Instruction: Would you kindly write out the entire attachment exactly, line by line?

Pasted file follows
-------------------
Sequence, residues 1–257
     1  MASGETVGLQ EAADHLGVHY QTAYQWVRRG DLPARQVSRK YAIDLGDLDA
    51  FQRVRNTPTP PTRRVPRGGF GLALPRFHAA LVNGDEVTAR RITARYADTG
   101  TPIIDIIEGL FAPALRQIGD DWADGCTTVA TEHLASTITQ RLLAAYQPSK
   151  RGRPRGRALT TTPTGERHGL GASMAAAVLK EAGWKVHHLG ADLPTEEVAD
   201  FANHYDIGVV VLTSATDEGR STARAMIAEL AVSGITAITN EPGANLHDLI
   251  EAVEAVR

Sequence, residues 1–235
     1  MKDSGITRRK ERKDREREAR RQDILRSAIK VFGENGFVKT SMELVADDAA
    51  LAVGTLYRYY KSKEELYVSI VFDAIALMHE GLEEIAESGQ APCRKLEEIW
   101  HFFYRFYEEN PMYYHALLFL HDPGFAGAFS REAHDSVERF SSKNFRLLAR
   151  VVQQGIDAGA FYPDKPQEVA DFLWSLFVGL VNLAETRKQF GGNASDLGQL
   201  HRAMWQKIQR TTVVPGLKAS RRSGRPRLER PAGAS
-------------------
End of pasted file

Sequence, residues 1–257
     1  MASGETVGLQ EAADHLGVHY QTAYQWVRRG DLPARQVSRK YAIDLGDLDA
    51  FQRVRNTPTP PTRRVPRGGF GLALPRFHAA LVNGDEVTAR RITARYADTG
   101  TPIIDIIEGL FAPALRQIGD DWADGCTTVA TEHLASTITQ RLLAAYQPSK
   151  RGRPRGRALT TTPTGERHGL GASMAAAVLK EAGWKVHHLG ADLPTEEVAD
   201  FANHYDIGVV VLTSATDEGR STARAMIAEL AVSGITAITN EPGANLHDLI
   251  EAVEAVR

Sequence, residues 1–235
     1  MKDSGITRRK ERKDREREAR RQDILRSAIK VFGENGFVKT SMELVADDAA
    51  LAVGTLYRYY KSKEELYVSI VFDAIALMHE GLEEIAESGQ APCRKLEEIW
   101  HFFYRFYEEN PMYYHALLFL HDPGFAGAFS REAHDSVERF SSKNFRLLAR
   151  VVQQGIDAGA FYPDKPQEVA DFLWSLFVGL VNLAETRKQF GGNASDLGQL
   201  HRAMWQKIQR TTVVPGLKAS RRSGRPRLER PAGAS